The present study aims to analyze the developmental patterns of Chinese children's apology strategies by investigating their percept ion of punishments and their production of apologies in terms of two contextual variables, viz. the degree of their own responsibility and the severity of their offence. A comprehension task and a production task were assigned to 120 Chinese children (aged 4-8) and a control group of 24 Chinese-speaking adults. The subjects were further divided into five age groups, each of which consisted of 24 subjects. The results showed that Chinese children as young as four or so were able to take into account both the degree of their own responsibility and the severity of their offence, when assigning punishment. Furthermore, the data yielded a trend in the children's use of apologies. The children under seven employed more direct apologies than indirect apologies, while the older children and the adults tended to respond in the opposite way. With regard to sub-strategies, all the children were found to use more Offering than Acknowledging, and more Acknowledging than Requesting strategies, and there was a three-stage development in the use of these sub-strategies. These findings can be accounted for by children's unsophisticated linguistic skills and adults' greater awareness of the need for politeness (Brown & Levinson 1987).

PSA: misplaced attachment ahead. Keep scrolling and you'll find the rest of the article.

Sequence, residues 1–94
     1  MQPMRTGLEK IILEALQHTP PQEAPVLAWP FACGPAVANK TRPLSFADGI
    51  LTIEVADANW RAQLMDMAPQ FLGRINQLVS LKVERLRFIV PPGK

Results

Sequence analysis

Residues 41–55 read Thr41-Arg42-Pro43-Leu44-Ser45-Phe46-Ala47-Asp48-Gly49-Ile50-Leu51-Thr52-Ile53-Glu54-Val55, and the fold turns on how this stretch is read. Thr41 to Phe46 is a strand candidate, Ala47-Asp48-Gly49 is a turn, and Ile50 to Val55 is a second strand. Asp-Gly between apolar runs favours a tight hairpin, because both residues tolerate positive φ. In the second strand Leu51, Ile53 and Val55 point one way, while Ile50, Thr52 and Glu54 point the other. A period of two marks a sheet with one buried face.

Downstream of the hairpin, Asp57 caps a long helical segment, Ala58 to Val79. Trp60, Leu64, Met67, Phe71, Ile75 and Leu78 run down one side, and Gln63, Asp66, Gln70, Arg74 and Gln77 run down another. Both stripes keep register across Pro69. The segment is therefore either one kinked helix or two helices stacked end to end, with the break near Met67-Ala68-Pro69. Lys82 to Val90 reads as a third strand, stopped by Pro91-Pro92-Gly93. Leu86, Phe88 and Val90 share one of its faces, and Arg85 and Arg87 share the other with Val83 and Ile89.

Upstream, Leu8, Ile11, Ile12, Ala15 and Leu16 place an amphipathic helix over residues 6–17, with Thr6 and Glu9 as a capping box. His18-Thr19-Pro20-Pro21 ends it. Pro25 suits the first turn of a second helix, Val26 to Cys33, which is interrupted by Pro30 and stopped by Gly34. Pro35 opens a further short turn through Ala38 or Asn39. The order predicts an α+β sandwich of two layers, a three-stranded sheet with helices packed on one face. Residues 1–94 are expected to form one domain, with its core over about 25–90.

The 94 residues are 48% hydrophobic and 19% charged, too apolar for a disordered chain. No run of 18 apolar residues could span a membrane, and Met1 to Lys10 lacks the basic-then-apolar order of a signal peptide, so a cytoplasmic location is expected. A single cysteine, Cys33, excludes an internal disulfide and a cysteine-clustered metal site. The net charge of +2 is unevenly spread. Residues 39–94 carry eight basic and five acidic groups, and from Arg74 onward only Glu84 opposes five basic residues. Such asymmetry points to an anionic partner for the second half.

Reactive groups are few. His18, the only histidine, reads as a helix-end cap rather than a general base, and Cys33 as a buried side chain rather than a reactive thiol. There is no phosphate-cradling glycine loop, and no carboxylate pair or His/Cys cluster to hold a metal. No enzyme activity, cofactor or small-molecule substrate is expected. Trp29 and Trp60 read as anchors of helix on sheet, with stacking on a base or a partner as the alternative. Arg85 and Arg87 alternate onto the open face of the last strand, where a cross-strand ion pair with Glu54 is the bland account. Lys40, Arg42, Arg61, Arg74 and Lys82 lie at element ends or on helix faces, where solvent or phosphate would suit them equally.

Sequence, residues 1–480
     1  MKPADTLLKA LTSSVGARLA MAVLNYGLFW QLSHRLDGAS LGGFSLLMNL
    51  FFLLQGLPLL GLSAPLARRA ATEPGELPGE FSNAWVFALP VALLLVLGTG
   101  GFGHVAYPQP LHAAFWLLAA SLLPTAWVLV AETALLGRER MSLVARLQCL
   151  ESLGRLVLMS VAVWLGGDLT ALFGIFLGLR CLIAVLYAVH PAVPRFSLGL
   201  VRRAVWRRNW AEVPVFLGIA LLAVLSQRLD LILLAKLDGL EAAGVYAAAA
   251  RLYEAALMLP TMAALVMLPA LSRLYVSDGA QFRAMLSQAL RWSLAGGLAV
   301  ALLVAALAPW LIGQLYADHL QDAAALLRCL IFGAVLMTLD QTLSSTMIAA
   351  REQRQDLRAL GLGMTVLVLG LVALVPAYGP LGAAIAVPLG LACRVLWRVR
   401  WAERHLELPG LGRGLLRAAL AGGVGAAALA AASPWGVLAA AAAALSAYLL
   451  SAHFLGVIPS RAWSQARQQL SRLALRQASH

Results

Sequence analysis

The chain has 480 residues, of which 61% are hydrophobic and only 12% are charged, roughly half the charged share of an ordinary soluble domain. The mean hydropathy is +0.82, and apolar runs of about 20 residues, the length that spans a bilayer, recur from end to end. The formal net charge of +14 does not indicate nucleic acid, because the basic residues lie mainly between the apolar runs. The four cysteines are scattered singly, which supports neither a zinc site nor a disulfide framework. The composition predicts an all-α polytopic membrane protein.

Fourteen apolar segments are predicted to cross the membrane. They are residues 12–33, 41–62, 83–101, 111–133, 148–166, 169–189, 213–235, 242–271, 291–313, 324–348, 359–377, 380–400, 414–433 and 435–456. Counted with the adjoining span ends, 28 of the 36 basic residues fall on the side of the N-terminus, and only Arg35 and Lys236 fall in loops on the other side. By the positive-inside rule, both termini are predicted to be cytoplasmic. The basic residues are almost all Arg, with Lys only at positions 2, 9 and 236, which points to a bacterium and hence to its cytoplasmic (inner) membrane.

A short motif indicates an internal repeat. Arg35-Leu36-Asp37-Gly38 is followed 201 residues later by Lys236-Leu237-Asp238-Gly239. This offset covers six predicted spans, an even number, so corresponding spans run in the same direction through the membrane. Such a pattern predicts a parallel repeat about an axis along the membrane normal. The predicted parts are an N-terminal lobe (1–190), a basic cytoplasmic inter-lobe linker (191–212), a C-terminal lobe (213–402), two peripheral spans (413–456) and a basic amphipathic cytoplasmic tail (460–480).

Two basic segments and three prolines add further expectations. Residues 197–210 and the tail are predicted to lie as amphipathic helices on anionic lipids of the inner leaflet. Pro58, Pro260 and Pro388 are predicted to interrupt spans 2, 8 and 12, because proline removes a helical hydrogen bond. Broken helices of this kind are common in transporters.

- L1 acquisition